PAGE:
Flawed cholesterol study makes headlines

A packet of statin tablets

A controversial study has argued that if you have a high LDL (bad) cholesterol level when you are aged over 60, you will live longer, there is no increased risk of cardiovascular disease and that statins will have little effect. But can we trust these bold claims?

The researchers, led by Dr Uffe Ravnskov at the University of Lund, Sweden,  looked at 19 existing studies which considered the association between ‘bad’ LDL cholesterol levels and the overall risk of death in people aged over 60. They concluded that 92 percent of people with a high cholesterol level lived longer, and called for a re-evaluation of the guidelines for cardiovascular prevention, “in particular because the benefits from statin treatment have been exaggerated.”

Cholesterol is essential for your body to work, although too much ‘bad cholesterol’ (called low-density lipoprotein or LDL) can lead to fatty deposits building up in your arteries. These fatty deposits can increase your risk of developing conditions such as coronary heart disease, heart attack and stroke.

Statins are drugs that lower your body’s cholesterol level. They work by reducing the production of cholesterol in the liver and therefore reduce your risk of heart disease. 

Reliable research?

The total number of people involved in the study was nearly 70,000, but only 9 of the 19 studies actually included deaths from heart and circulatory disease.

Moreover, two-thirds of the total number of participants in this new analysis are from one study (Bathum et al 2013). This study found that higher cholesterol (total, HDL, or LDL) in people aged 50+ was associated with a lower all-cause mortality.  That study also showed that taking a statin prescription provided a significant survival benefit, regardless of age, whereas the researchers in this new analysis are using it to argue against statins.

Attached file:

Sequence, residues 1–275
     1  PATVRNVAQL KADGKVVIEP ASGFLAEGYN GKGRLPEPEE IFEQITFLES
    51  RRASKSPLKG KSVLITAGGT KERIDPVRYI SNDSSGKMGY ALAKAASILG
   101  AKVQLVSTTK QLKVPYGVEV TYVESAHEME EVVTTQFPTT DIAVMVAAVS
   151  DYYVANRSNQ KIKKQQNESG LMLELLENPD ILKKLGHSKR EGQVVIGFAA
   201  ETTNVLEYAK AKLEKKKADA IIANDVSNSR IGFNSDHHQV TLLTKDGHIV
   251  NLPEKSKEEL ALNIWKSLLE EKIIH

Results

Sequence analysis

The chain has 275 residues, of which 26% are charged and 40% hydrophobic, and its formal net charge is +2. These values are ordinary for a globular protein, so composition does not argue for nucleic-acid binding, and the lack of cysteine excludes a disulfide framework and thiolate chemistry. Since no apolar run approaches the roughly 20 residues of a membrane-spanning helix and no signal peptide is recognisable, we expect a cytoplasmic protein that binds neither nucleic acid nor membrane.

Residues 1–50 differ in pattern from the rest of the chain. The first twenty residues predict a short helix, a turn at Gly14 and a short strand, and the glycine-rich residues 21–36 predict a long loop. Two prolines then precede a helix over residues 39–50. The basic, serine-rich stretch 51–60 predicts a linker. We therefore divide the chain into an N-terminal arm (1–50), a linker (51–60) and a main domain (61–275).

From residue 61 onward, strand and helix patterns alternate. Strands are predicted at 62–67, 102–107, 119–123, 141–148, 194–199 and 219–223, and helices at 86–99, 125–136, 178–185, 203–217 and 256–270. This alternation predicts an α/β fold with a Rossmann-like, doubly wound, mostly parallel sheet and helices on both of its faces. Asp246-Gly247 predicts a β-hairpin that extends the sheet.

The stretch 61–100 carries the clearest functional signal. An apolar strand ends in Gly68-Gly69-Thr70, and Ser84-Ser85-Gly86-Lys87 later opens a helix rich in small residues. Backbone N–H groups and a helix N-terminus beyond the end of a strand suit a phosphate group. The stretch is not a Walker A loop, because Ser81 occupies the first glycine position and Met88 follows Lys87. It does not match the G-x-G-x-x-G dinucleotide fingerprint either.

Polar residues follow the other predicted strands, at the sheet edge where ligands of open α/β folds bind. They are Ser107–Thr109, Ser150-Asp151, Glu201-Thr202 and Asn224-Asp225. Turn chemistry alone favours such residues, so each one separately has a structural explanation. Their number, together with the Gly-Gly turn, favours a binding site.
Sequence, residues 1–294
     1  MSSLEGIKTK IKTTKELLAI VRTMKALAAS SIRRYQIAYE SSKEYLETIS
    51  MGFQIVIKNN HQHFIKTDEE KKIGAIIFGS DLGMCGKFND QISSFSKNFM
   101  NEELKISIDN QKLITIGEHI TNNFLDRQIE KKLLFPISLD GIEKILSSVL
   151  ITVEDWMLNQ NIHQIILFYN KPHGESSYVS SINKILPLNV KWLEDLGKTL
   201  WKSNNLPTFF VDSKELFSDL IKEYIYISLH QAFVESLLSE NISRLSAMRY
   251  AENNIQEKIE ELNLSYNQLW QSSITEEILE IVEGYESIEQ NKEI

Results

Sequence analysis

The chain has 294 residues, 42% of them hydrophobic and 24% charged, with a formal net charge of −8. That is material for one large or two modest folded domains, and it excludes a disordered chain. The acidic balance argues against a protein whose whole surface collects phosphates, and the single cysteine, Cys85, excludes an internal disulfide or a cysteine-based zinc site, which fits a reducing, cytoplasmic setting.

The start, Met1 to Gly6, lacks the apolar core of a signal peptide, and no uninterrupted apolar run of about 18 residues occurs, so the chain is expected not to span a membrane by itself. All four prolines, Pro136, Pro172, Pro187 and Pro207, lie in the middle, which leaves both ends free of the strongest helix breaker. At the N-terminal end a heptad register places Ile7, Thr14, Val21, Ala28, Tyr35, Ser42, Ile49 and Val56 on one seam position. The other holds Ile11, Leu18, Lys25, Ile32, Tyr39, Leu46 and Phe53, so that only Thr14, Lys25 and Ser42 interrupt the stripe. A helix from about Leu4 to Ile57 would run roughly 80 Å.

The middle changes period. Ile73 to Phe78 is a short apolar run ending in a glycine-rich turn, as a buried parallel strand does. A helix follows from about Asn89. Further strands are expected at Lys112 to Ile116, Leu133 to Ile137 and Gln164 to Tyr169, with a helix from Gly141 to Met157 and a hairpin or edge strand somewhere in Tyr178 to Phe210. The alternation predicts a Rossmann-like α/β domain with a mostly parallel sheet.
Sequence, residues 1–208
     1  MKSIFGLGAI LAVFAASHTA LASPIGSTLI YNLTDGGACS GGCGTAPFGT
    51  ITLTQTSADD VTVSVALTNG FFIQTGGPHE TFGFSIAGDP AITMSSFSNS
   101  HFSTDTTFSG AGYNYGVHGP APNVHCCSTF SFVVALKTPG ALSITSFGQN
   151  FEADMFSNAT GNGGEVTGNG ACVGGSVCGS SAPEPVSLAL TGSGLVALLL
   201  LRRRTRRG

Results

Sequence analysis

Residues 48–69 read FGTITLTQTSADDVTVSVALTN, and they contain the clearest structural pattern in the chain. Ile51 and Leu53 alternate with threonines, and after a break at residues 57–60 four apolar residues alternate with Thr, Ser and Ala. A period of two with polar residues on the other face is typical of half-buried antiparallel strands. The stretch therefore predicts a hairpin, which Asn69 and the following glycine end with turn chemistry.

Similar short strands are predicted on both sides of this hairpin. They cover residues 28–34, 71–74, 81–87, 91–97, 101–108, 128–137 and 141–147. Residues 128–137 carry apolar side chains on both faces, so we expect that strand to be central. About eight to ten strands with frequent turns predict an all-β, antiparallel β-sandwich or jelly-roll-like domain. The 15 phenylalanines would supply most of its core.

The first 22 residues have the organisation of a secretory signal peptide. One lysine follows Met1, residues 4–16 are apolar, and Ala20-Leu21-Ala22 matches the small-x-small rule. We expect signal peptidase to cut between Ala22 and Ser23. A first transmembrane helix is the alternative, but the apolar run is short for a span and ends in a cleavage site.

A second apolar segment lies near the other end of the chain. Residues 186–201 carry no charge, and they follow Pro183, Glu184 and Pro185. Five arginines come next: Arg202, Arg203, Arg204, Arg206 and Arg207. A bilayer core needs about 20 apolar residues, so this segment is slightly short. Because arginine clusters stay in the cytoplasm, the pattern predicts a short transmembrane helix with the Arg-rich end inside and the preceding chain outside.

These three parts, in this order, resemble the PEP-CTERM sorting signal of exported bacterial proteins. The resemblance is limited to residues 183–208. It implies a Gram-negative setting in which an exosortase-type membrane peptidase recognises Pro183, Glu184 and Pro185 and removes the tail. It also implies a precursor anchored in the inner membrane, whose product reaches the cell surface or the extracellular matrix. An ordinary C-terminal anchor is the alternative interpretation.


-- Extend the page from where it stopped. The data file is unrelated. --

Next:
They relied on limited, aggregated and inconsistent information …an approach liable to bias

John Danesh
BHF Professor of Epidemiology

Furthermore, the research, published in the BMJ Open journal, has been deemed unbalanced due to what John Danesh, BHF Professor of Epidemiology said was “crude study methods”. This is because their analysis "relied on limited, aggregated and inconsistent information from published sources, an approach liable to bias.”

Similarly Colin Baigent, of the University of Oxford, has described the study as reaching “completely the wrong conclusion. In fact, we know that cholesterol is just as important as a cause of heart disease in older people as it is in the young. We know this because of the evidence from all the randomized trials of statin therapy, which collectively have studied substantial numbers of older people.”

The authors themselves said that “We may have overlooked relevant studies as we only searched PubMed” (an online search for medical publications), and they may have excluded studies that evaluated LDL-C as a risk factor for death, if the study did not mention it in the title or abstract. “We may have overlooked a small number of relevant studies because we only searched papers in English,” they added.